Linked Questions

68 votes
2 answers

Is truncating a SHA512 hash to the first 160 bits as secure as using SHA1?

I am from a web development background (I don't know an awful lot about cryptography or how the algorithms themselves work), so I am asking this question in simple terms. Consider a hash of the word '...
BadHorsie's user avatar
  • 813
9 votes
1 answer

Avalanche effect in DES

I couldn't understand the avalanche effect in DES. Could someone explain how avalanche effect happens in DES
user5507's user avatar
  • 1,913
19 votes
1 answer

How does a birthday attack on a hashing algorithm work?

A "normal", brute-force attack on a cryptographic hashing algorithm $H$ should have a complexity of about $2^{n}$ for a hash algorithm with an output length of $n$ bits. That means it takes about $2^{...
lxgr's user avatar
  • 1,788
3 votes
1 answer

Hash functions and the Avalanche effect

Informally, the Avalanche effect says that two similar, but not identical, inputs should produce radically different outputs when fed through a hash function. I've seen, at least, two formal ...
Fredrik Savje's user avatar
0 votes
1 answer

Use partial hash to verify entire hash

I've had an idea about storing parts of SHA256 hashes and I'd like to find out how secure it is, or how much less secure it is than storing the entire hash. For example, users can share this list of ...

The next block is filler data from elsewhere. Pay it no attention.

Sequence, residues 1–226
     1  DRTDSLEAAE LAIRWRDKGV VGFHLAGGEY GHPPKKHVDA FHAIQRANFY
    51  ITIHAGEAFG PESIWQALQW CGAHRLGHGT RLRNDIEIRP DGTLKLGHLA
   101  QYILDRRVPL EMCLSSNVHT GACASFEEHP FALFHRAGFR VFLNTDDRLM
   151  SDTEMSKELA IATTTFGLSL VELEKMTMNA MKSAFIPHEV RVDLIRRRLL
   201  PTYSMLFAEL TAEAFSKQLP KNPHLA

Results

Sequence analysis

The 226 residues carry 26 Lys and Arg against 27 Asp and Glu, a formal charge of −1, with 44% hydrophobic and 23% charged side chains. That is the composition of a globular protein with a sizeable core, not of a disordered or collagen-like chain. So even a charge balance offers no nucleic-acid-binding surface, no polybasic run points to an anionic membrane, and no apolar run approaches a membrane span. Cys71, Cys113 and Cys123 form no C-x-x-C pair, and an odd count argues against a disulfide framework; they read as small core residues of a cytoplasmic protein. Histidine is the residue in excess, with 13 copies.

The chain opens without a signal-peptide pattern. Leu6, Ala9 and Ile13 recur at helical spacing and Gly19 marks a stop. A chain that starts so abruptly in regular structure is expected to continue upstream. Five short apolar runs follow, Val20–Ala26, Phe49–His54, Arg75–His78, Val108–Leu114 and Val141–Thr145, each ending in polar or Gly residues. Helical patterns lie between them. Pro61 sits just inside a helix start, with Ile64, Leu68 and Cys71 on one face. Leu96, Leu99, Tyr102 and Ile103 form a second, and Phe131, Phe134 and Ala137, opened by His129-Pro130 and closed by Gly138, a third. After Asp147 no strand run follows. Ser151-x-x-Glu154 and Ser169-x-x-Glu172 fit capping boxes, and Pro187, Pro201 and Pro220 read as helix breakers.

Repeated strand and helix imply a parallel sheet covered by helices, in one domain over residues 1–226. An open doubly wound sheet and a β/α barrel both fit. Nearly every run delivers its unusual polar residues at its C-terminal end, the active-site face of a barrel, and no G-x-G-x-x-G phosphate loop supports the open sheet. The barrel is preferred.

Francis's user avatar
  • 11
1 vote
1 answer

Is this SHA-256 modification still valid?

We typically model a hash function (in particular $\mathrm{SHA}$-$256$) as a function $H:\{0,1\}^{2^{64}-1} \to \{0,1\}^{256}$ with some special properties that makes them useful in practice. In this ...
Bean Guy's user avatar
  • 732
0 votes
1 answer

Compressing SHA256 to be a viable database id?

Don't know a lot about cryptography, so need some help on this. I would like to use a SHA256 string as a unique id in my database for users, but scaling that would be difficult. Is it possible to ...
0a6c42bb1c2f8058's user avatar
0 votes
0 answers

What kind of attack would a 128 bit SHA-2 be vulnerable to and why?

With SHA-2 for hashing, using only the first 128 bits to create a 128 bit hash, what kind of attack would this be vulnerable to and why? Since 128 bit encryption keys are secure, shouldn't a 128 bit ...
Brooney's user avatar
  • 27
1 vote
1 answer

Use of HKDF to get shorter key than digest size

Is OK to derive a key using HKDF (Extract & expand) with a shorter size than the digest size of the configured hash function? In that case the result is computed (on the expand part) by truncating ...
carce-bo's user avatar
  • 195
2 votes
0 answers

OAEP Hash function truncation

I am using OAEP in a project and I want the resulting number of bits (n) to be 288 bits. Most of the implementations online seem to be for 1024 bits and using SHA-256 and I was wondering if truncating ...
Toncu Vlad's user avatar